The complex and rational methods augment the input Matrix with a copy of the identity Matrix and then convert the system to reduced row echelon form.
 The integer method calls Adjoint/integer and divides it by the determinant.
 The univar method uses an evaluation method to reduce the Matrix to a Matrix of integers, then uses Adjoint/integer, and then uses genpoly to convert back to univariate polynomials.
 The polynom method uses an implementation of fraction-free Gaussian elimination.
 The LU and Cholesky methods use the corresponding LUDecomposition method on the input Matrix (if not already prefactored) and then use forward and back substitution with a copy of the identity Matrix as a right-hand side.
 • The subs method indicates that the input is already triangular, so only the appropriate forward or back substitution is done.
 • If the first argument in the calling sequence is a list, then the elements of the list are taken as the Matrix factors of the Matrix A, due to some prefactorization. These factors are in the form of returned values from LUDecomposition. That is, the list items may be:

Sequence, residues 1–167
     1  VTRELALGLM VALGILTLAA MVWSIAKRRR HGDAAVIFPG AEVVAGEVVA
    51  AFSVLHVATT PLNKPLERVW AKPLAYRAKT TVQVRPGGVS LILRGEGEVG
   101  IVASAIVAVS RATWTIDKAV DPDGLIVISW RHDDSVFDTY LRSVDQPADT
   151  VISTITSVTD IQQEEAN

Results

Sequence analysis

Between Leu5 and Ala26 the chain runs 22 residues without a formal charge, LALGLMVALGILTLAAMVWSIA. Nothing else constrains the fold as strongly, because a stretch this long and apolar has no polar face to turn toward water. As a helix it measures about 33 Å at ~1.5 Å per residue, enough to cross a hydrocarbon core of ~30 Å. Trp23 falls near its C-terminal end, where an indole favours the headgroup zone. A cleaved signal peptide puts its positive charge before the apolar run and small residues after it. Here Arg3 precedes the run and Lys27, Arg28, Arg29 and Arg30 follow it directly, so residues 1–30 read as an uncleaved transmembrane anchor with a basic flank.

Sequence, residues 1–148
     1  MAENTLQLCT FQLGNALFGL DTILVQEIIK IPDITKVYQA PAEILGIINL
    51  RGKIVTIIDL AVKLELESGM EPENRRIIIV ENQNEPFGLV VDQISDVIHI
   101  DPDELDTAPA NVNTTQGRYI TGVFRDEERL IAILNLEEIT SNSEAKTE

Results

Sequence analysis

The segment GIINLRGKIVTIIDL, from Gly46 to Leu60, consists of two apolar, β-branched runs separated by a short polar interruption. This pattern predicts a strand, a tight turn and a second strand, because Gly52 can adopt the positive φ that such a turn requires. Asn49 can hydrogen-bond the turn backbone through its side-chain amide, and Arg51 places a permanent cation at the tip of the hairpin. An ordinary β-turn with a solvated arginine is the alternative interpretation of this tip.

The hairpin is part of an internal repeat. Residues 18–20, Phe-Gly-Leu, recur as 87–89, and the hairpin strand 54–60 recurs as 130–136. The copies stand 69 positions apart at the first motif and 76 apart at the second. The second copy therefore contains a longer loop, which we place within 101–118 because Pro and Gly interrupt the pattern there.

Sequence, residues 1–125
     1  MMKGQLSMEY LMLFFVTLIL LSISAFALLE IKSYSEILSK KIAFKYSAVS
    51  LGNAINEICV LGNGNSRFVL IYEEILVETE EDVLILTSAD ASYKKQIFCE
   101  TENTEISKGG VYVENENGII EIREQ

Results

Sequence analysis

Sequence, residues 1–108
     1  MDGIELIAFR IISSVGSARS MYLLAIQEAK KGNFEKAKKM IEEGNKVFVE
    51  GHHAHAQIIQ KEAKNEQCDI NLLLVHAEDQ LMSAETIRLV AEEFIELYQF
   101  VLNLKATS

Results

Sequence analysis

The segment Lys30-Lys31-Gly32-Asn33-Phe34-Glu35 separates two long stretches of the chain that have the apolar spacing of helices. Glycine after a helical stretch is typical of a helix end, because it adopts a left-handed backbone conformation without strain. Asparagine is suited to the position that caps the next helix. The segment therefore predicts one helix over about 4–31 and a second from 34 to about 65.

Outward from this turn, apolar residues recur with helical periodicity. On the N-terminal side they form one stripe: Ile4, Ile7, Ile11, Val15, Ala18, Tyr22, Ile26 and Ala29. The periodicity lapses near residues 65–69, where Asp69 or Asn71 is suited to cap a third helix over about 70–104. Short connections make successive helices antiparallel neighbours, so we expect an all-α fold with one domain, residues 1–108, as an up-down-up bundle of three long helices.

– A list of a Vector and Matrix, $\left[\mathrm{ipiv},\mathrm{LU}\right]$, for an LU decomposition. The first member is taken as the pivot Vector and the second member as the superimposed unit-lower and upper triangular LU factors (these are the default values returned from LUDecomposition when the method=NAG option is given to that routine). The implied option is method=LU.
 – A list of 3 Matrices, $\left[P,L,U\right]$, the PLU decomposition of a Matrix (these are the values returned from LUDecomposition when the output=['P','L','U'] option is given to that routine). The inverse is ${U}^{\mathrm{-1}}·{L}^{\mathrm{-1}}·{P}^{\mathrm{-1}}$, each component of which can be inexpensively computed (compared to the cost of obtaining the factors). The implied option is method=LU.